Changing Lives and New Challenges
Edited by Jacqueline Scott, Shirley Dex and Heather Joshi
Chapter 3: Ethnic Differences in Women’s Labour Market Activity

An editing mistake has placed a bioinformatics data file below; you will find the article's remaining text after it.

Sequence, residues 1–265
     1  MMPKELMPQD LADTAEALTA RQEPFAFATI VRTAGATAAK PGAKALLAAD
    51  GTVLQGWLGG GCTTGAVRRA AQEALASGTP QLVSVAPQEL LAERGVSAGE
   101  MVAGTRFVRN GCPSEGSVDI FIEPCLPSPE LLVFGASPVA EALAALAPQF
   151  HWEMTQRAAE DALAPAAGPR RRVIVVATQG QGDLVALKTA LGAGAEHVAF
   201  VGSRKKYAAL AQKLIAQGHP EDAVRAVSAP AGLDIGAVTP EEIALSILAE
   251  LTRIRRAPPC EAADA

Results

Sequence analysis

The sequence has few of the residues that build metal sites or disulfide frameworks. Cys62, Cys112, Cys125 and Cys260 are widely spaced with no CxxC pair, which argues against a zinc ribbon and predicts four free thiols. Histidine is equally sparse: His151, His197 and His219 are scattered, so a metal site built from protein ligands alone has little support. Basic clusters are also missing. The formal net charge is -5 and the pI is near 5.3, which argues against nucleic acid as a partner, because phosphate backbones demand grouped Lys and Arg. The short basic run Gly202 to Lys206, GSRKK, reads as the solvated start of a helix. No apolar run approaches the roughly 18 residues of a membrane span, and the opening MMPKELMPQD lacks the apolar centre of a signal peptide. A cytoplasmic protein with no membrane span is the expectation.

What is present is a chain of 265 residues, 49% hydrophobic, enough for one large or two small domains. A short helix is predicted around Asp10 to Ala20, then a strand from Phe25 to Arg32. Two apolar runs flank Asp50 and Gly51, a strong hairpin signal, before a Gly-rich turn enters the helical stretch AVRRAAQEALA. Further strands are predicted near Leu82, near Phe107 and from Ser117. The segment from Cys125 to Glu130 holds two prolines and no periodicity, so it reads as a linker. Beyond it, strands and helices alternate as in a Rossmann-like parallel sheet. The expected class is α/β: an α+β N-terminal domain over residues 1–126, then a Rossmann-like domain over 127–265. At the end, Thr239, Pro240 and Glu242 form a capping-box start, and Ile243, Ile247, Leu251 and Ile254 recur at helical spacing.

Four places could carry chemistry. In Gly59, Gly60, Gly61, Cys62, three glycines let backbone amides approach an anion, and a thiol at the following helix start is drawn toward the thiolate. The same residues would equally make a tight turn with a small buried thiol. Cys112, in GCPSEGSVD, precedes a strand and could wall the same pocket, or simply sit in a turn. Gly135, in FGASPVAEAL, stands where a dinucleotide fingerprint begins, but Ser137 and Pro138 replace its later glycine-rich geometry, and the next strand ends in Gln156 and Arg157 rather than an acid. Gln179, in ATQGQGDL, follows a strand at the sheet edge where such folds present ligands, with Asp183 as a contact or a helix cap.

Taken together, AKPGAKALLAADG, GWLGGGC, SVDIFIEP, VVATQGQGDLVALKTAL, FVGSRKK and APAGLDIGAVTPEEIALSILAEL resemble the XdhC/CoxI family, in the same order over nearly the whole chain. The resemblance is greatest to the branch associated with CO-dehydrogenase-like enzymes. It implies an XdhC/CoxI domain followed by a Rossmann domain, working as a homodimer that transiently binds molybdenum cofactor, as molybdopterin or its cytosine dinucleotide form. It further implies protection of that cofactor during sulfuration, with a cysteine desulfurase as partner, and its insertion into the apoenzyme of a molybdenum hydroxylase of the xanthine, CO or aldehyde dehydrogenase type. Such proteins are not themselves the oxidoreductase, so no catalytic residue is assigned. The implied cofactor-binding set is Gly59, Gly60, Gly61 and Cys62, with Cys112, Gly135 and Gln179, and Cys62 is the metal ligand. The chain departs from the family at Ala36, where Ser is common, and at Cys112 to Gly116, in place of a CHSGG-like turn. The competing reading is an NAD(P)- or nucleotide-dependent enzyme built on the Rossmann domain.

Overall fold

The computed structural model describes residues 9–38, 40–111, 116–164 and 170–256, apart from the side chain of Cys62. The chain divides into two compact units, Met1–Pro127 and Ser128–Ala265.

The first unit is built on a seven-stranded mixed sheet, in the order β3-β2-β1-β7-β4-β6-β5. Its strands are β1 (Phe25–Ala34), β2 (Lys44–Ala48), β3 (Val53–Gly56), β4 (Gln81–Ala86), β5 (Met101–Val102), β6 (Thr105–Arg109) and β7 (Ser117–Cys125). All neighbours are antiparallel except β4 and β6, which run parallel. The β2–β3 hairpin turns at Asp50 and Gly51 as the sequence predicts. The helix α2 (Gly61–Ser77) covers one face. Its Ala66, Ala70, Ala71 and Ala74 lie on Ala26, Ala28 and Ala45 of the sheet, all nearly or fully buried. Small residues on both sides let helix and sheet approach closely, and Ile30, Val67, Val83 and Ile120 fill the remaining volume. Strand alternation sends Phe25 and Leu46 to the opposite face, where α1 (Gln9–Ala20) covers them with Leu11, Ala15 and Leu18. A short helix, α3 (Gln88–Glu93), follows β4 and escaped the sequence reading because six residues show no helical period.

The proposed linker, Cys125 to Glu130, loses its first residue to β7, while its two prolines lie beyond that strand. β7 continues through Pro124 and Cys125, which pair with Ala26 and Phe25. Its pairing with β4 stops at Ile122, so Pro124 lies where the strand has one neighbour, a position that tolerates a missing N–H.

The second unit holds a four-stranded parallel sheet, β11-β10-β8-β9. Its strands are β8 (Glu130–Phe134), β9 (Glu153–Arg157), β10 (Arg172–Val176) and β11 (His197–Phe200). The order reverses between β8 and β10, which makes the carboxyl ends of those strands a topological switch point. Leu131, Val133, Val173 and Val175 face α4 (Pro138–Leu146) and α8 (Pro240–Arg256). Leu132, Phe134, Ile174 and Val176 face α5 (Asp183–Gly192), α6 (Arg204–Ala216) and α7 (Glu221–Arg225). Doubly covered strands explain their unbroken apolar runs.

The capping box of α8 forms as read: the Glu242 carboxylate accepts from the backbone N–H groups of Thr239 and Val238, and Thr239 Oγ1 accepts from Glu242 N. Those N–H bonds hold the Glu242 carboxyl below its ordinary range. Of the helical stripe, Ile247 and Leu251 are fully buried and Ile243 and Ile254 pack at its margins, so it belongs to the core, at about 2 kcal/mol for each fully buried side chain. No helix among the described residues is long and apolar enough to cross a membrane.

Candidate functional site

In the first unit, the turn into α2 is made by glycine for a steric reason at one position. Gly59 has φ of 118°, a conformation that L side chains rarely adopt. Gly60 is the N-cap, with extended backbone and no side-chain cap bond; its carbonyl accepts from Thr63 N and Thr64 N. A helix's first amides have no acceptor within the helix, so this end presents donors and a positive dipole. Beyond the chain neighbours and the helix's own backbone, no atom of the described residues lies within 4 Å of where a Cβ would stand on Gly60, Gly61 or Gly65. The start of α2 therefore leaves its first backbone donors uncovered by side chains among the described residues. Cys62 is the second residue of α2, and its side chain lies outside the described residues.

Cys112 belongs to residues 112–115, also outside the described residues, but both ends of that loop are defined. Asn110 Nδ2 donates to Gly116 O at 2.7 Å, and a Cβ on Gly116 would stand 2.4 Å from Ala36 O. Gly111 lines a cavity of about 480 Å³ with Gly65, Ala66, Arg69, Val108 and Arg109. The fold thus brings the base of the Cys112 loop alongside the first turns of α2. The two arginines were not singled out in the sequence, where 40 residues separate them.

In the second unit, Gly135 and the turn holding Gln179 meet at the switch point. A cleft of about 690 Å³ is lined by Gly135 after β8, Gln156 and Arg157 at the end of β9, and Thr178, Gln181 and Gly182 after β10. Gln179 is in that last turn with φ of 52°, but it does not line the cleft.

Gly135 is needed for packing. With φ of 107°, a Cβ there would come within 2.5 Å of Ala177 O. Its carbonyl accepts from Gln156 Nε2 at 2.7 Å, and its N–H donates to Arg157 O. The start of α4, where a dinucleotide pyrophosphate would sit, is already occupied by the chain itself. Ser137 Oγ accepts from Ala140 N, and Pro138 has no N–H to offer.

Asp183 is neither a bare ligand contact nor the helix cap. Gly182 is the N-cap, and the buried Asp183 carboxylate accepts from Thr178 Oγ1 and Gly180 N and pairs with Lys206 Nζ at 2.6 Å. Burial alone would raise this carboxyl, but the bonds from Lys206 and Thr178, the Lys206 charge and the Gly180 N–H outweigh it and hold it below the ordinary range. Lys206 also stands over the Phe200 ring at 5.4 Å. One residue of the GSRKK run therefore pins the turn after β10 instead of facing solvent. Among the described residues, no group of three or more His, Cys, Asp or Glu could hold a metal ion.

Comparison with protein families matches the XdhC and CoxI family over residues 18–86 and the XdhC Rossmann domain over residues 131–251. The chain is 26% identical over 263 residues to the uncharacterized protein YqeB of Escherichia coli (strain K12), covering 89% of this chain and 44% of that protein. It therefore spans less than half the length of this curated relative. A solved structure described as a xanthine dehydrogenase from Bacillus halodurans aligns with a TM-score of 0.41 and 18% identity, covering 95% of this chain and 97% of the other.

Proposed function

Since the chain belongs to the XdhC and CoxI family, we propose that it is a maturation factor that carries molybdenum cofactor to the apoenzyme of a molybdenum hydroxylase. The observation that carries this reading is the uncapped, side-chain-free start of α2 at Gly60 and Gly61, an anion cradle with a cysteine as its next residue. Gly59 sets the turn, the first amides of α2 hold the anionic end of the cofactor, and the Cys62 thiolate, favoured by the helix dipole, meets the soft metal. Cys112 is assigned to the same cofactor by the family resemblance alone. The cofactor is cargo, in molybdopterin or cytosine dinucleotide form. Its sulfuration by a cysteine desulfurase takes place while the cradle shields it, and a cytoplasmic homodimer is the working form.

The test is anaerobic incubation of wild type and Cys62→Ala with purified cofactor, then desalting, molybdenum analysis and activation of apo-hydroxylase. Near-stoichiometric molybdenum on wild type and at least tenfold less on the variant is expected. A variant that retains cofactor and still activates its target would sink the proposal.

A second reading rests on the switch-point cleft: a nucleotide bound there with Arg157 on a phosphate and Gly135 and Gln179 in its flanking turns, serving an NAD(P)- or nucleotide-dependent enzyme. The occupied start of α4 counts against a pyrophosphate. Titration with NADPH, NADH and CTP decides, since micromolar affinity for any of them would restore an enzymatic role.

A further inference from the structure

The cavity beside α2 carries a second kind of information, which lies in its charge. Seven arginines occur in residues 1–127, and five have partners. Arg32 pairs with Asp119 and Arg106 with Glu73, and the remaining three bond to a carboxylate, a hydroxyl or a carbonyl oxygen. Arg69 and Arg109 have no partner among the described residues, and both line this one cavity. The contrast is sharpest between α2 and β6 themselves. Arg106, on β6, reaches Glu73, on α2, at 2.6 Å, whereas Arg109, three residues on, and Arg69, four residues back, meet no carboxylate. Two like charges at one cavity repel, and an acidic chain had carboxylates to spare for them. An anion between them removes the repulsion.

3. Ethnic diﬀerences in women’s labour market activity Angela Dale, Joanne Lindley, Shirley Dex and Anthony Raﬀerty INTRODUCTION This chapter provides an overview of ethnic diﬀerences among women in the labour market. Much research on ethnic diﬀerences in employment has shown not just the extent of inequalities but also the variation between ethnic groups (Berthoud 2000; Blackaby et al. 2002). Research on women’s employment has demonstrated greater diﬀerentials between ethnic groups than for men, with economic activity highest for Black Caribbean women and lowest for Pakistani and Bangladeshi women in the 1990s and early 2000s. Unemployment was higher for all minority ethnic groups than for white women over this period – except for Chinese women who have rates very similar to white women (Lindley et al. 2004). However, there has been little systematic analysis of employment diﬀerences in relation to key life stages – despite the fact that, for white women, there are very large life-stage diﬀerences. Extensive work on (white) women’s employment has shown that it is strongly inﬂuenced by both life stage and cohort – and both are mediated by level of qualiﬁcations (Dex and Joshi 1996; Dex et al. 1998; Elliott et al. 2001; Macran et al. 1996). Theories that explain women’s labour market behaviour have been developed around norms and assumptions that apply to white women. So, for example, much research on women’s employment is concerned with the eﬀects of domestic responsibilities and childcare on the employment of mothers....
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